Margot Wallstroem, Sweden's Minister for Foreign Affairs is pictured during an interview with AFP at her office on October 31, 2014 in Stockholm
Margot Wallstroem, Sweden's Minister for Foreign Affairs is pictured during an interview with AFP at her office on October 31, 2014 in Stockholm © Jonathan Nackstrand - AFP
Margot Wallstroem, Sweden's Minister for Foreign Affairs is pictured during an interview with AFP at her office on October 31, 2014 in Stockholm
AFP
Last updated: November 1, 2014

Sweden, after rare IKEA episode with Lieberman, hopes Israel ties will recover

Banner Icon Sweden's foreign minister said Friday she hoped ties with Israel would recover after Stockholm's decision to recognise the state of Palestine led to an unusual exchange involving IKEA furniture.

Margot Wallstroem was speaking exclusively to AFP one day after Sweden became the first EU member in western Europe to grant official recognition to the Palestinian state, prompting Israel to recall its ambassador to Stockholm.

"The contacts between Sweden and Israel haven't been cut off. We hope the ambassador will return," she said.

Sweden's decision triggered a sharp rebuke on Thursday from Israeli Foreign Minister Avigdor Lieberman, who said "relations in the Middle East are a lot more complex than the self-assembly furniture of IKEA".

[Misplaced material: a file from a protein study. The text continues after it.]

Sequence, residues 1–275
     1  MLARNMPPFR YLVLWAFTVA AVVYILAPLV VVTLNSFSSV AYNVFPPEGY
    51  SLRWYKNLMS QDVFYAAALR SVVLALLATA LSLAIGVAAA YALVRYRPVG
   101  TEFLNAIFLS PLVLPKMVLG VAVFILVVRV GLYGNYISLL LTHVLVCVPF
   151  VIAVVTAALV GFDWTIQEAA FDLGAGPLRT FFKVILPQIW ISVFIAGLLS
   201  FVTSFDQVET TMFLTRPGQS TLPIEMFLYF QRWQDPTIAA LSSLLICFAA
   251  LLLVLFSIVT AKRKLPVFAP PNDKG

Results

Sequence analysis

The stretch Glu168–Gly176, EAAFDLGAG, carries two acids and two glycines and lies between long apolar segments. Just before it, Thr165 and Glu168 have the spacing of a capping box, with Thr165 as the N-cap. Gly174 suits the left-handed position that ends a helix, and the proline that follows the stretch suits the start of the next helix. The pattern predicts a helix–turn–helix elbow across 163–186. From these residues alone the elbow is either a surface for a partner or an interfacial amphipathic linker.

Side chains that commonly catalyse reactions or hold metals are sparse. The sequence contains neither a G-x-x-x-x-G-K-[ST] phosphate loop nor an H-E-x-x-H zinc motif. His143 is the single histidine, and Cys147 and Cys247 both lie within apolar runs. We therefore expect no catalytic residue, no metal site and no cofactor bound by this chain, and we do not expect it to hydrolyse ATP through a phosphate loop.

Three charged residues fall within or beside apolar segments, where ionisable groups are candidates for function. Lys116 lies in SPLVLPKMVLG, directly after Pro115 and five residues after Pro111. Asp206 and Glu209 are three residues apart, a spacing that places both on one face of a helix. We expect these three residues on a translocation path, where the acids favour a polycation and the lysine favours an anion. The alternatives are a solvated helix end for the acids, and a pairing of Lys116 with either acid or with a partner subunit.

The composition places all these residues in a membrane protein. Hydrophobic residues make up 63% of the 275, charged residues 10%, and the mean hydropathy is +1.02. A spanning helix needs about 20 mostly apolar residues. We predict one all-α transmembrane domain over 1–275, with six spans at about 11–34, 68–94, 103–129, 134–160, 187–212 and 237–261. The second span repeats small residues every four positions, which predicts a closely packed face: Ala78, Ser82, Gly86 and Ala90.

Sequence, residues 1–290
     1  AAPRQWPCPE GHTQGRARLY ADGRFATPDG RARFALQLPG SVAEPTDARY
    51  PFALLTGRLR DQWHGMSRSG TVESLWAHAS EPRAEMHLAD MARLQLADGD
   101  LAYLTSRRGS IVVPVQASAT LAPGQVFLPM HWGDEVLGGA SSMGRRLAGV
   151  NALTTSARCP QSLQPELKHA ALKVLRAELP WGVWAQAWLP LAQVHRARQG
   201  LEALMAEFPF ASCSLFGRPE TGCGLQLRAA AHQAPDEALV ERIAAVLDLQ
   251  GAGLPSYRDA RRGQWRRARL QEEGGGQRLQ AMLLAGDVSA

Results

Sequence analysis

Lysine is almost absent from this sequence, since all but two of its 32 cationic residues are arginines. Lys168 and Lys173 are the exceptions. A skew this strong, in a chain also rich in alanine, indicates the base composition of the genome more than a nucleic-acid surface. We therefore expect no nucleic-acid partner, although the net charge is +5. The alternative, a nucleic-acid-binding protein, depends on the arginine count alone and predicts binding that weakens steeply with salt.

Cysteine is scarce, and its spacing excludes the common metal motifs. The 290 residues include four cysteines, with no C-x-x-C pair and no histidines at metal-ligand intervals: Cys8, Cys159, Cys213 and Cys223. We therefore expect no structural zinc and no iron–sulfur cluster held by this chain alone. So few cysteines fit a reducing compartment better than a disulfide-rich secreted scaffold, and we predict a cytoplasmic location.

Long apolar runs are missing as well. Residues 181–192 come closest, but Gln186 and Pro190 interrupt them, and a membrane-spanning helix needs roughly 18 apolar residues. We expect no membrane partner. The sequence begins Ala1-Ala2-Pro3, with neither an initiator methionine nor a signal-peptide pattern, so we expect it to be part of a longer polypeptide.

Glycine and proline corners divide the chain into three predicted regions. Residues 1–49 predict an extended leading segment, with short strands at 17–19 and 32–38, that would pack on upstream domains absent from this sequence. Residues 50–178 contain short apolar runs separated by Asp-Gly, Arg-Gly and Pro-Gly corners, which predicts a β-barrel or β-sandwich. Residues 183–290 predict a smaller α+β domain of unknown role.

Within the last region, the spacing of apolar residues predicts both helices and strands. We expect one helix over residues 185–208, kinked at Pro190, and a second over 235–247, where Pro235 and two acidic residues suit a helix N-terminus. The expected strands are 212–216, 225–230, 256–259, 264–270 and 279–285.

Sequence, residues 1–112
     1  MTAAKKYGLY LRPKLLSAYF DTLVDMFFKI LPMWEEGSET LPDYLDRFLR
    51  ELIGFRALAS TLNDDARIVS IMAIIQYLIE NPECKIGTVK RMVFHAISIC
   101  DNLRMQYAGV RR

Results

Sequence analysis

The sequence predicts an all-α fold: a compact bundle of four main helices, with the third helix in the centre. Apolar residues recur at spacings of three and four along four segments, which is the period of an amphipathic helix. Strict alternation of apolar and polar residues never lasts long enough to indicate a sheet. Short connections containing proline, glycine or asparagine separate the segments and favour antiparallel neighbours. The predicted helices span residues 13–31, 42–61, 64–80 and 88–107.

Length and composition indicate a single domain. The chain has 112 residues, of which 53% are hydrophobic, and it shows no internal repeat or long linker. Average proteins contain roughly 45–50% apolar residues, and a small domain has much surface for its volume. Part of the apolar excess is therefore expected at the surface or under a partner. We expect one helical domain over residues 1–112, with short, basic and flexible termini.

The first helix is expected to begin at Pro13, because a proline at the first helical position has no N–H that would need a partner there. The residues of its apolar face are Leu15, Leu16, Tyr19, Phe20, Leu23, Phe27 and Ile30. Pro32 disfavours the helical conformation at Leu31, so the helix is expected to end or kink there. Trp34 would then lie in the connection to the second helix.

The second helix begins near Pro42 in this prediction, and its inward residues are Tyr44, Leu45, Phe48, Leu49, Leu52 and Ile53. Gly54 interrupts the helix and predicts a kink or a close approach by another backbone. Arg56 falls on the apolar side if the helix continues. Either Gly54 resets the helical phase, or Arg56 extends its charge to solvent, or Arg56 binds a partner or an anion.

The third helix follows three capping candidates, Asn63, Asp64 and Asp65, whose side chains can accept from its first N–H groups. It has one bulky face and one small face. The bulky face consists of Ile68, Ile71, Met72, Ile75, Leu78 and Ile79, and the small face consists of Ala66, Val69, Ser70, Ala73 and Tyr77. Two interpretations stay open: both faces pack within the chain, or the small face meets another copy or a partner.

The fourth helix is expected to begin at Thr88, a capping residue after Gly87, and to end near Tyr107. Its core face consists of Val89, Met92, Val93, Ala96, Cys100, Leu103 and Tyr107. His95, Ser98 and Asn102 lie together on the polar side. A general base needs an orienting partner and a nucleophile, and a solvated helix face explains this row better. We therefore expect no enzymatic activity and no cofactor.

In response, Wallstroem in an interview with CNN stayed with the metaphor involving Sweden's iconic furniture giant as she urged dialogue between Israelis and Palestinians.

"I will be happy to send him a flat pack of IKEA furniture and he will also see that what you need to put that together is, first of all, a partner," she told CNN.

In Friday's interview with AFP, Wallstroem described her exchange with her Israeli counterpart as first and foremost a sign of humour.

"You know, intelligent people have humour and I believe he showed that he had it, and I replied in a humorous way. We'll leave it at that," she said.

Sweden's announcement this week brings to 135 the number of countries that recognise the state of Palestine, including seven EU members in eastern Europe and the Mediterranean -- Bulgaria, Cyprus, the Czech Republic, Hungary, Malta, Poland and Romania. Non-EU member Iceland is the only other western European nation to have done so.

Palestinians are seeking to achieve statehood in Gaza and the Israeli-occupied West Bank with east Jerusalem as the capital. With little progress on reaching a settlement, they have been lobbying foreign powers for international recognition.

Sweden's move comes as Israeli-Palestinian tensions soar in Jerusalem following months of almost daily clashes in the city's occupied eastern sector.

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